Construction has started on the Southern Cross Next submarine cable, which plans to provide the largest capacity data link between Sydney, Auckland and Los Angeles.

The 16,148km cable is designed to carry 72 terabits per second (Tbps) of traffic and is expected to be completed by the end 2021 or in early 2022. It will join two existing Southern Cross cables connecting Asia Pacific to the US, which have 20Tbps of capacity combined. The owner, Southern Cross Cable Network (SCCN), originally projected a capacity of 60Tbps, in the initial survey in 2017.

Crossing the South

Southern Cross
– Southern Cross

“The addition of the Southern Cross Next route to our platform will provide existing and future customers with further resiliency and connectivity options between Australia, New Zealand and the United States," Southern Cross president and CEO, Laurie Miller, said.

The $300 million cable will also provide connectivity to the Pacific Islands of Fiji, Tokelau and Kiribati. Earlier this week, Australian telco Telstra announced it had a 25 percent stake in the project and will be an anchor customer.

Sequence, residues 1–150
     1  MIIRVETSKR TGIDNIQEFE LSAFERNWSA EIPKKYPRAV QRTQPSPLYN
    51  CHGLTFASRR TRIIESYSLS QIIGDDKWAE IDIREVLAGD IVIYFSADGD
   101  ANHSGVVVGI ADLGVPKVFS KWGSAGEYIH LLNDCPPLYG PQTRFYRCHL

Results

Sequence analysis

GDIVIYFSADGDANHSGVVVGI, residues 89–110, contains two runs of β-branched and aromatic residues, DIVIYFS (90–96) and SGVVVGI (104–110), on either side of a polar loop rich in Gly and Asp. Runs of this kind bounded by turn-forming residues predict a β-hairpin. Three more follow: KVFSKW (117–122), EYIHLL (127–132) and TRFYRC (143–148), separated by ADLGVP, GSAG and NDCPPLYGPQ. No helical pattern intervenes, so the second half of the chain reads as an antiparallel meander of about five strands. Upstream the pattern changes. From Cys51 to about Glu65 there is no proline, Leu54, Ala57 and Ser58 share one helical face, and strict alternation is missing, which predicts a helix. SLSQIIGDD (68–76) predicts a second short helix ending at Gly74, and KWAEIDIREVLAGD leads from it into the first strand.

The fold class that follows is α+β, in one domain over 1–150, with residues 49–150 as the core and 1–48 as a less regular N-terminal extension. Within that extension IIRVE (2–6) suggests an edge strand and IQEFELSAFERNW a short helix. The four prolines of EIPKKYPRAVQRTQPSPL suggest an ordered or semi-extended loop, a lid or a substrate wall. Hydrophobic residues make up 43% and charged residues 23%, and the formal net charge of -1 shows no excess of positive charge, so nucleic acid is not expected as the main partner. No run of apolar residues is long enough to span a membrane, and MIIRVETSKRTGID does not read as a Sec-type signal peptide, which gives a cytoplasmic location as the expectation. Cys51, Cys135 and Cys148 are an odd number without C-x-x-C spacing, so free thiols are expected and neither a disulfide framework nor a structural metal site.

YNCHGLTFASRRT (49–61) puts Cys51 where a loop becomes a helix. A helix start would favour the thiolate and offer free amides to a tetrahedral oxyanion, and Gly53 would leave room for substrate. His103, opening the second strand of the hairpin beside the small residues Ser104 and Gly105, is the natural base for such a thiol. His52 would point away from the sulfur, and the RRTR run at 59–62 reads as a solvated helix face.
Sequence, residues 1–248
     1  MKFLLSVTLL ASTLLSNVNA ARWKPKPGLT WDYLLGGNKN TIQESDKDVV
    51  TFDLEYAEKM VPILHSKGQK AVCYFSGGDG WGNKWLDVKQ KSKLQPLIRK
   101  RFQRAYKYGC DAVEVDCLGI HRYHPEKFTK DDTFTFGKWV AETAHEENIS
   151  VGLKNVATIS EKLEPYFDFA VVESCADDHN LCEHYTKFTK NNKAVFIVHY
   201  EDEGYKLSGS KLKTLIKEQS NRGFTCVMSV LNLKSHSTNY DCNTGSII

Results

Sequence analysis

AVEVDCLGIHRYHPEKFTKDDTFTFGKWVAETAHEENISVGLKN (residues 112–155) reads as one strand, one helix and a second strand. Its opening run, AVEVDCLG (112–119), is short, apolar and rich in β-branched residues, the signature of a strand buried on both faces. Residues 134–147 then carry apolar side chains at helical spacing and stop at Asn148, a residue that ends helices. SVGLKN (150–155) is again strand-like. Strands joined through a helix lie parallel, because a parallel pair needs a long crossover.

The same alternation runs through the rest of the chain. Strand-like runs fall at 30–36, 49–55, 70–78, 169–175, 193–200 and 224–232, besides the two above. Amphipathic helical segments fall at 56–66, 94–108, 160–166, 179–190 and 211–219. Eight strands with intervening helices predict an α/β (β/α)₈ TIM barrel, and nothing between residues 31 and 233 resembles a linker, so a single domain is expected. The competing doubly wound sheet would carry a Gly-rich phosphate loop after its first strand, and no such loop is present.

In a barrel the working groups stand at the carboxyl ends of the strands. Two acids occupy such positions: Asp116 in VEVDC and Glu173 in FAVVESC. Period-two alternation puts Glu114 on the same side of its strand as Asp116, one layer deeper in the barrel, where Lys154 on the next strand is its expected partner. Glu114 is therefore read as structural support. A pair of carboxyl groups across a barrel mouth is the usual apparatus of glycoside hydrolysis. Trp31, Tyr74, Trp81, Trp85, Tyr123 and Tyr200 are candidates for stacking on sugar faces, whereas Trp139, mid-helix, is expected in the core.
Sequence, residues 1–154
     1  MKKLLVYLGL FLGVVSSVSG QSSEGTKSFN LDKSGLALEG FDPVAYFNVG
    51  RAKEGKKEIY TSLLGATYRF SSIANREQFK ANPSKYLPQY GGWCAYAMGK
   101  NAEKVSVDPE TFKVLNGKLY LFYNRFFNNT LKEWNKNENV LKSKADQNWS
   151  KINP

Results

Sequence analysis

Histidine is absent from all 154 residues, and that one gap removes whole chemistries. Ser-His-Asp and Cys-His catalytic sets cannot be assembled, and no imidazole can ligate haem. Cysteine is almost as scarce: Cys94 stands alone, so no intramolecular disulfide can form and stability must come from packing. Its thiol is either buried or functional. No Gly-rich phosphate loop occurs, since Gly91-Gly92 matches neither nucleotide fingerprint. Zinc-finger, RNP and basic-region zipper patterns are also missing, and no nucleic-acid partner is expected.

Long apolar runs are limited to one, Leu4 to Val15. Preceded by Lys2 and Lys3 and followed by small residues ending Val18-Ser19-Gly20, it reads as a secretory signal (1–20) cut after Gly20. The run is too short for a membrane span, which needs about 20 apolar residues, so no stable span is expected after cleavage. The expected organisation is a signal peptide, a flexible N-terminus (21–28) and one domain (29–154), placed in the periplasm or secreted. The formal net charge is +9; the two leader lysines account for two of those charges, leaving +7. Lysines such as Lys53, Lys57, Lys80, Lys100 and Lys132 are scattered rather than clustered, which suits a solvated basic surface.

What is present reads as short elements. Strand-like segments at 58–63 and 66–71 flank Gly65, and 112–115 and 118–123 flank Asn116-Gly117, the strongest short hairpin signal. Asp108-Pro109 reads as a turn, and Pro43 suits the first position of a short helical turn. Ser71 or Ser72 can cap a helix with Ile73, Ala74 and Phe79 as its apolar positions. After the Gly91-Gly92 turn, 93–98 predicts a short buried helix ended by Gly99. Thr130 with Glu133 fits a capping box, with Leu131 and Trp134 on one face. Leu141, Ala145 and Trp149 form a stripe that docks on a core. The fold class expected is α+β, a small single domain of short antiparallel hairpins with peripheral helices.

“We can now firmly focus on the implementation and deployment of the Next system which promises to bring greater resiliency, redundancy and capacity to our extensive network, along with the ongoing development of product enhancements to meet the evolving requirements of our customers,” Southern Cross CTO, Dean Veverka, said.

Alcatel Submarine Networks will build and deploy the cable, which will use wavelength selective switching (WSS) ROADM repeaters. The cable is designed to be compatible with future generations of submarine line terminal equipped with Probabilistic Shaping technology.

SCCN was founded in 1997 by Telecom New Zealand, Optus and MFS Globenet. According to its site, it is owned 50 percent by Spark (formerly Telecom New Zealand), 40 percent by SingTel (a Singaporean operator with other cable investments including SEA-ME-WE 5, which acquired Optus) and 10 percent by Verizon Business (which ended up as owner of Worldcom, that bought MFS Globenet). However, in 2018, Australian operator Telstra agreed bo buy a 25 percent stake in SCCN.